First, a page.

I am generous when…

My daughter made this poster for a project in her Kindergarten class.  The assignment was to finish the sentence: “I am generous when…”

In case it’s hard to read: “I am generous when I have a lot of books and my little sister wants some I let hear her have some.”

Life used to be simple and we made it complicated.

Makes me think about finishing that same sentence from time to time.


Saving lunchtime

The other day I got lunch at Bowery Eats, a cooking supply store in Chelsea Market that also happens to have a sandwich bar.  My timing was terrible and when I got there at 1:20pm, there was a long line plus a stack of phoned-in orders.

Bowery EatsMore than 10 minutes passed and I still hadn’t gotten my Peter Parker wrap (avocado, warm portabella mushroom, lettuce, a bit of mozzarella, and vinaigrette on a spinach wrap).

10 minutes isn’t long, but it’s more than a couple of standard deviations away from the mean in terms of how long you expect to wait for a sandwich.  Plus, five people with higher order numbers than I had gotten their sandwiches, so I started to get antsy.  I asked the woman at the counter how things were coming, and if they’d lost track of my order.

That’s when things got interesting.  She smiled.  She went to the back to check on my order.  She explained that it was taking longer because they heat up the mushrooms in the oven.  She checked again a few minutes later.  And then, 15 minutes in (five minutes after I’d first asked how things were coming), she actually said to the staff, in Spanish, “I’m not going to put any more sandwiches out until we finish up Order 31.”

And, I swear, I hadn’t made a big fuss at all.

Because of her, not only was I not annoyed, I was impressed.  Her job description might appear to be taking orders, getting customers’ money, and giving them sandwiches, but she was a natural at knowing just what to say and how to say it, with a smile, to make me feel attended to.

This knack is something I look for in hiring fundraisers.  Sure they need storytelling skills and passion and empathy, they need a thick skin and a dogged determination and the ability to build relationships.  But all the truly great fundraisers I know are also….something that this woman had.   “Polite” is the word that comes to mind but that doesn’t capture it, though people who naturally have good manners have some of the trait I’m looking for.  It’s more an unspoken knack to let someone know that you see them, that you’re paying attention, that you are a concierge for them within your organization.

It’s not the easiest thing to test for, but after you conduct your interviews of your top candidates, you can take a step back and ask everyone who interacted with the interviewees: how did they make you feel?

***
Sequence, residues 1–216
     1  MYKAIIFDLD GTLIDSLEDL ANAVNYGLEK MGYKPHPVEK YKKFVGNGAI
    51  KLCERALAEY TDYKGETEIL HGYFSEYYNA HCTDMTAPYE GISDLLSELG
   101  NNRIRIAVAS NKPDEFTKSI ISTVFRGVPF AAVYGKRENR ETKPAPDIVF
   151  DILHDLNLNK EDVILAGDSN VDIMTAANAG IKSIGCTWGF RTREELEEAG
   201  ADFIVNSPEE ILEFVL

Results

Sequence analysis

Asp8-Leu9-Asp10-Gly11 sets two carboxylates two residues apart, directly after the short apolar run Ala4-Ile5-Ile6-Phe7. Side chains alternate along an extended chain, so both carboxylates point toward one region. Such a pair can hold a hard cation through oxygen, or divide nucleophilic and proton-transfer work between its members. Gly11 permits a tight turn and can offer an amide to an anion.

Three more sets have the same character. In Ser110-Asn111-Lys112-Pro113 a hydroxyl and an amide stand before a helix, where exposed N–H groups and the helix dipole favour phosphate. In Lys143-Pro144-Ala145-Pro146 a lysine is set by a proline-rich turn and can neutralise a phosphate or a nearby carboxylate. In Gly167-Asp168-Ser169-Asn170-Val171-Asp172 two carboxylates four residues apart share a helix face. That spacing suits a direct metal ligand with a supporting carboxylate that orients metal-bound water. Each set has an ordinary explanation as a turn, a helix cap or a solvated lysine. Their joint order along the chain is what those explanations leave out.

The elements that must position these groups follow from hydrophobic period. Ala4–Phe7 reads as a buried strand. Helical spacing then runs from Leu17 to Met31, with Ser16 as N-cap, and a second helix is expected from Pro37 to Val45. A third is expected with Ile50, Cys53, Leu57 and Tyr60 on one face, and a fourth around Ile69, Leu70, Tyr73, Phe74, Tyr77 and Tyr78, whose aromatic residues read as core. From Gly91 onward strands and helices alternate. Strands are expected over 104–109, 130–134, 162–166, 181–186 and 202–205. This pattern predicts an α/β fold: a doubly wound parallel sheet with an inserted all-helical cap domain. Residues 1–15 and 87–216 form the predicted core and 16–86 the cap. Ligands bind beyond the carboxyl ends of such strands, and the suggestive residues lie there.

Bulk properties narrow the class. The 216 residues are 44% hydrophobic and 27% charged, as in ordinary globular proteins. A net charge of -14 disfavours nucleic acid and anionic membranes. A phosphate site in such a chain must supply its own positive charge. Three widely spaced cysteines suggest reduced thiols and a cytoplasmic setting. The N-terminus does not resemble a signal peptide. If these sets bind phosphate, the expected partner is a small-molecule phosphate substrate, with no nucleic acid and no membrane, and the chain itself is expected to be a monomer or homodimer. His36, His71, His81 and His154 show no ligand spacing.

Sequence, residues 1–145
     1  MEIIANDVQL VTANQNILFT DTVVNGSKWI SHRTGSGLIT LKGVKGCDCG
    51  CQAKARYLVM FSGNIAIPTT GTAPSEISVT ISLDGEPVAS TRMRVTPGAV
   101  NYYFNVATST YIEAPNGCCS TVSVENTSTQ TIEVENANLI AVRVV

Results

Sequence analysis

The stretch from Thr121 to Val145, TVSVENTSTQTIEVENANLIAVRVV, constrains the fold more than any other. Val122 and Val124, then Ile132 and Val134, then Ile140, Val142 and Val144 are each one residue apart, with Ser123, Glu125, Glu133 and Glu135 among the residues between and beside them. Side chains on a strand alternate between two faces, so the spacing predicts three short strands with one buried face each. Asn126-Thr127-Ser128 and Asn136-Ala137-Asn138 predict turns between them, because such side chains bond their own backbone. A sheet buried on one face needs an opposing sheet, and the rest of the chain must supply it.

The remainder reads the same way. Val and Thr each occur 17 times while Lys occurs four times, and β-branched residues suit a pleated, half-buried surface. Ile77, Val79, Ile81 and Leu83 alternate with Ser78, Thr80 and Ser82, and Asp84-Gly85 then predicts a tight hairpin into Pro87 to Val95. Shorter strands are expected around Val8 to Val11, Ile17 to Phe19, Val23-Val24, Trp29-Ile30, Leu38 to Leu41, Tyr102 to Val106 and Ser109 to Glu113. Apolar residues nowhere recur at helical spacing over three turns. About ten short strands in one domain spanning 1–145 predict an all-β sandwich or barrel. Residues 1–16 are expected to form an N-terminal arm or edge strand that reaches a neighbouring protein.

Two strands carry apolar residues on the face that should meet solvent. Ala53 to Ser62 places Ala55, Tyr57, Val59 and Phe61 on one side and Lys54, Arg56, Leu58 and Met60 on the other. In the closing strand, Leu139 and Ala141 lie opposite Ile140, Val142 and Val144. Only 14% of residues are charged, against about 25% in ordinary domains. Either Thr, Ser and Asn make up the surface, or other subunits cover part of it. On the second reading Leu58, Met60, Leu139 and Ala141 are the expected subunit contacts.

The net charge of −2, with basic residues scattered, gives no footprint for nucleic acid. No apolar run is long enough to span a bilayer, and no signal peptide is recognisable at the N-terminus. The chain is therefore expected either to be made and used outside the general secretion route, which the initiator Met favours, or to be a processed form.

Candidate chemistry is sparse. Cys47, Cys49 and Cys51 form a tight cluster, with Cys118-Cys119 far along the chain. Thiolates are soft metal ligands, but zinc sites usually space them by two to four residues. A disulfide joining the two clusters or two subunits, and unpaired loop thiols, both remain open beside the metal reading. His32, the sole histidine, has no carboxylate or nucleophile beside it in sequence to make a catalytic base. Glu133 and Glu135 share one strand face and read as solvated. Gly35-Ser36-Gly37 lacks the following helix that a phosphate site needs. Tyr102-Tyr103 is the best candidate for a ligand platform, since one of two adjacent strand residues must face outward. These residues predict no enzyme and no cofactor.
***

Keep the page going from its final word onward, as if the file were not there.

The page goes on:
(p.s. thanks to DC Foodrag for the picture)

Generosity Day – and now, the fun part

Earlier this year I found myself wondering: what should I do for Generosity Day this year?  Meaning “I” or “me.”

In many ways, I asked the wrong question.  Of course I have an important role to play, but what I’ve discovered in the past few weeks is the beauty of something you give away: it doesn’t belong to me any more.  Generosity Day is out there in the world, it has touched peoples’ lives, and in this day and age that means that Generosity Day lives and is real and spreads because of all of you.

This year in particular a crack team of volunteers showed up and took things to a whole new level.  Their work and dedication has absolutely blown me away.  And each volunteer had a real story, a personal story, of what happened to them on Generosity Day last year or the year before, and each story was beautiful and profound.  That’s a Genii you can’t put back in a bottle.

There are too many people to thank individually, and too many people who would be left out from any list I could write.  The good news is, you all know who you are.  I thank each and every one of you for showing me what generosity can be, for fueling my optimism, for sharing your own fears and failures so I could share mine, and for deepening my own exploration of generosity which I know just beginning.

In case you missed it, the crew created this fun 55 second video that will bring a smile to your face, as will the beautiful comment from a reader of Brene Brown’s blog about her daughter’s story of buying ice cream for everyone at MacDonalds.  When I read a story like that I’m reminded how real this is – the joy, the way we touch others, what we teach our children, how we walk through the world.  This is important.  This is potentially transformational.  Thank you for being part of it.

Now get out there be generous today.

Try it, you’ll like it.

Generosity Day – is it about the money?

Our stories hold truths for us.